A new viral video emerges nearly every day showing a physical altercation in a shopping mall, a confrontation on an airplane or even a “mean Tweet” by celebrities and politicians. Such examples show an increase of incivility all over the world, but it doesn’t need to become the new norm. Understanding the process of how conversations evolve to either become productive or hostile can help you win the fight against incivility.
Below are some examples on how you can make a difference when dealing with conflict.
Words Matter, But So Do Reactions
Hostile speech and behavior are believed by many researchers to be contagious. However, according to David Cunningham of Landmark Forum – an international personal and professional growth, training and development company – changing your reaction can steer many conversations back on constructive path.
“Each of us have a view of life, and none of us have the same view about anything, so rather than arguing, ‘which/whose view is right or which/whose view is wrong,’ there’s a need to appreciate that the other person might have a different view.” says Cunningham.
Listen More, Talk Less
When a person speaks, the listener is rarely processing the information, rather, he is busy thinking of a response to the information he/she is hearing from the speaker. It’s important to ask yourself if you’re really listening to the other person, because when a person feels they’re being heard, they’re more likely to be calm and relaxed as they feel they are being appreciated.
Many a times an individual simply doesn’t want to take a civil approach to a conversation. Now, this happens both in personal as well as in professional relationships. At such a stage, it’s important to do away with the idea of “winning or losing” an argument and simply focus on the relationship/connection with that person. Wondering what is the best way to get out of it? Well, here’s an idea Landmark Forum’s Cunningham says could make a huge impact.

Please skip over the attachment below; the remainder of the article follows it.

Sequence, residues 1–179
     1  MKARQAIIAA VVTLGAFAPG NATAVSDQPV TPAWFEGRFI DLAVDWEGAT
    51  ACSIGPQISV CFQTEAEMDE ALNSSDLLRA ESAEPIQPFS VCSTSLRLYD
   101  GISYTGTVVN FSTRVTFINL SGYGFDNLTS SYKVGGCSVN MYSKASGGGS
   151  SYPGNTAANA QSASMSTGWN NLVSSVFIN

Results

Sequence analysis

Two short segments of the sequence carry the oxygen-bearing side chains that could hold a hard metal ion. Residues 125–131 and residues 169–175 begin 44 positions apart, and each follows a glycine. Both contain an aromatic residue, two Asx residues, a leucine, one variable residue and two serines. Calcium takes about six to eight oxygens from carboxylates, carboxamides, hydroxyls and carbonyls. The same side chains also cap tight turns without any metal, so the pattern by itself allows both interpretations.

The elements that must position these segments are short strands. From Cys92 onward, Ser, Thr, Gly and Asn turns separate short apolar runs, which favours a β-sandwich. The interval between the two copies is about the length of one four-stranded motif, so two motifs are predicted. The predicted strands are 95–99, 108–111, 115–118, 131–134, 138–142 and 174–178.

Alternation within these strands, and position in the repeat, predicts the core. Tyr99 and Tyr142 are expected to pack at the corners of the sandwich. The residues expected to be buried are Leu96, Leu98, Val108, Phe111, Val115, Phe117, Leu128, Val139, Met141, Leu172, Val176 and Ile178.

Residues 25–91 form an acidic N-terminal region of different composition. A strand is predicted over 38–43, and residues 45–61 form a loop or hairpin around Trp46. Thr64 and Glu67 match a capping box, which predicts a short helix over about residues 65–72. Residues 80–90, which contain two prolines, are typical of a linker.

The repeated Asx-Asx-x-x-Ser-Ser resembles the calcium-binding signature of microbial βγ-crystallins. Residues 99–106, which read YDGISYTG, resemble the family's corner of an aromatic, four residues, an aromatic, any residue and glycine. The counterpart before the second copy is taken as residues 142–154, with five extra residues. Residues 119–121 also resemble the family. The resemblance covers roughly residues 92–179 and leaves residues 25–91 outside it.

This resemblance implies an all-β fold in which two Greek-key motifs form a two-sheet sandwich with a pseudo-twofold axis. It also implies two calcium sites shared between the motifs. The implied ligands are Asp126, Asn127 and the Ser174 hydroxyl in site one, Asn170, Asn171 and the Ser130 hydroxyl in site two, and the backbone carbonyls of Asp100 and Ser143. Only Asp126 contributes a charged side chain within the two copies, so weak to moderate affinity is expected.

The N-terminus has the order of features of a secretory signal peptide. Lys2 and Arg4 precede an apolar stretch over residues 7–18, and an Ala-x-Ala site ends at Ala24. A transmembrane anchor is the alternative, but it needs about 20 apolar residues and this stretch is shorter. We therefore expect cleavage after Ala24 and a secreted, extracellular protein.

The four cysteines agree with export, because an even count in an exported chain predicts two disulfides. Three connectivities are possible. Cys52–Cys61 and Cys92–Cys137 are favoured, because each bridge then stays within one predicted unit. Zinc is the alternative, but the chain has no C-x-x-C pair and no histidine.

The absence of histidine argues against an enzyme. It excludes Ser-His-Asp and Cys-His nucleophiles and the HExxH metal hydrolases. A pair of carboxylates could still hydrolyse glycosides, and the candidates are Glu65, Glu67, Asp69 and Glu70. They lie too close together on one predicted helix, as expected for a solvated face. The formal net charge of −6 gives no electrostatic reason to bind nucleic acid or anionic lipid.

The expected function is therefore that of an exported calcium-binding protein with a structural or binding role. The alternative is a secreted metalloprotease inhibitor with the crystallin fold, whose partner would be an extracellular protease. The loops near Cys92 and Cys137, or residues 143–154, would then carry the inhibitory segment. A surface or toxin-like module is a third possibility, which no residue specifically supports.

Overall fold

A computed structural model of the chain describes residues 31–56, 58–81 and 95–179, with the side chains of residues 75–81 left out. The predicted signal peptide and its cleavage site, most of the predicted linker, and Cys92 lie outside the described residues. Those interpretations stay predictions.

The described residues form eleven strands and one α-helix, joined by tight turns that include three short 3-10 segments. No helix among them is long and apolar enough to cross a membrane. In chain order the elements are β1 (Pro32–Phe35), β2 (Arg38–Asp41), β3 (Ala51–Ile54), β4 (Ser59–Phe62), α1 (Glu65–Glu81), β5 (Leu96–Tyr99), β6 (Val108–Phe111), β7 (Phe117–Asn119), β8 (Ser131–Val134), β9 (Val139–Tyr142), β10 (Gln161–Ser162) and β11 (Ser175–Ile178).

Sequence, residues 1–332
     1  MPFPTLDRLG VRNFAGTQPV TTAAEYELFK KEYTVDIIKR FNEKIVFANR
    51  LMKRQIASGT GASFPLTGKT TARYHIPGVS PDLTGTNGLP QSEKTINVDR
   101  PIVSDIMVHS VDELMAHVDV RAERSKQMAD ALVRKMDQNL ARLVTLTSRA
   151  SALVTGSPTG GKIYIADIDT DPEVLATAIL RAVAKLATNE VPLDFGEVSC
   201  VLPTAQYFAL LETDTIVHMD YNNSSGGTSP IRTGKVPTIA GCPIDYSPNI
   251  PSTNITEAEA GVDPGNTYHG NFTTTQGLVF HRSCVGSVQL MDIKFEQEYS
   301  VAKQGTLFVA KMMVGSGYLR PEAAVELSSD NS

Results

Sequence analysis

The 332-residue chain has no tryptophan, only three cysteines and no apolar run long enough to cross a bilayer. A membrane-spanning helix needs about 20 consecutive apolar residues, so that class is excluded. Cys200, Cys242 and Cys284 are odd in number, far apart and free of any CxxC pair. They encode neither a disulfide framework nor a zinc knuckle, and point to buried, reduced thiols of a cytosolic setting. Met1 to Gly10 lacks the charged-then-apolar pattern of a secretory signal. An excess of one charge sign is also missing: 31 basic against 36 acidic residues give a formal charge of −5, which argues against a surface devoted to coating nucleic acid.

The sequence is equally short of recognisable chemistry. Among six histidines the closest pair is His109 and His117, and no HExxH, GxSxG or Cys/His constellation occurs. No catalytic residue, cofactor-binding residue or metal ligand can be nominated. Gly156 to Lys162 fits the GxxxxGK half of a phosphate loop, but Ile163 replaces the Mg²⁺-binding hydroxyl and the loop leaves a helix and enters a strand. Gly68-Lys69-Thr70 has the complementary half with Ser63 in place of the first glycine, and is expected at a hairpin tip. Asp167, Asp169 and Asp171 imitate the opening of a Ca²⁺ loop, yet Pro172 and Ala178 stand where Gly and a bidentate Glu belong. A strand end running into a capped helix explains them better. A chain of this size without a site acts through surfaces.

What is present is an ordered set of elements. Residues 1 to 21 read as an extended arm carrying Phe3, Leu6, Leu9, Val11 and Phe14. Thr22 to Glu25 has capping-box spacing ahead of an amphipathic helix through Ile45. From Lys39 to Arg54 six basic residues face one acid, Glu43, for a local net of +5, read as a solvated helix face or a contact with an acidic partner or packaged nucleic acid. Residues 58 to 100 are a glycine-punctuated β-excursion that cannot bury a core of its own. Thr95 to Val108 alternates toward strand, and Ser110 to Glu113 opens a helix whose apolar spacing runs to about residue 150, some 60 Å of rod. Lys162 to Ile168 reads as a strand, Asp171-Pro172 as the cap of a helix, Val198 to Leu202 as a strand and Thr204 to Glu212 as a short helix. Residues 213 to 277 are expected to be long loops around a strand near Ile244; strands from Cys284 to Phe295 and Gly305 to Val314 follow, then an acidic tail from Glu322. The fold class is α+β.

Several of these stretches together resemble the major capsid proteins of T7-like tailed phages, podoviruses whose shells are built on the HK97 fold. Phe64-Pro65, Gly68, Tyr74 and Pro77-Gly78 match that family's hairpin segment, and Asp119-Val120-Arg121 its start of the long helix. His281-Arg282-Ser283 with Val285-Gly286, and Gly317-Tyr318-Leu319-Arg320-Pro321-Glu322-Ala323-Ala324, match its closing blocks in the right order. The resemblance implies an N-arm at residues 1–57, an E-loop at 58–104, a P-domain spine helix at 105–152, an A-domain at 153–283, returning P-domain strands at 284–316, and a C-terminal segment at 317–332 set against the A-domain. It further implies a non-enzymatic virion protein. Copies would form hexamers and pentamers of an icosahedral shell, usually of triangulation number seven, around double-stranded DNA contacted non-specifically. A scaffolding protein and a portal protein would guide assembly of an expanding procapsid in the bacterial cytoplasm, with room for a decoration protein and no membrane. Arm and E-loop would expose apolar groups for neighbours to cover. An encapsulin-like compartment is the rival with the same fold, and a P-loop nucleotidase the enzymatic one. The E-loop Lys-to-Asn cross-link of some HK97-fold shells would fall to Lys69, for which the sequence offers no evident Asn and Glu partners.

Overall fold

“The other person is always concerned about something and if we can figure out what they’re concerned about and take care of their concerns, they’ll work with us.”
Be Proactive in Your Approach
Listening to other people sounds elementary but is quite essential to change the dynamic of any heated conversation. Changing the language to encompass a proactive approach to problem solving is also important. Some questions include:
What moves you?
What touches you?
What inspires you?
Assumptions are huge when referring to incivility, making the other person feel attacked and devalued. Before a person is done speaking, we are typically constructing our response (and often, argument), when listening and assessing what the person said can de-escalate many tense scenarios.
With incivility on the rise in every aspect of our lives, it is human nature to want to be heard and respected. Productivity increases when everyone feels valued and so does civility and personal interactions.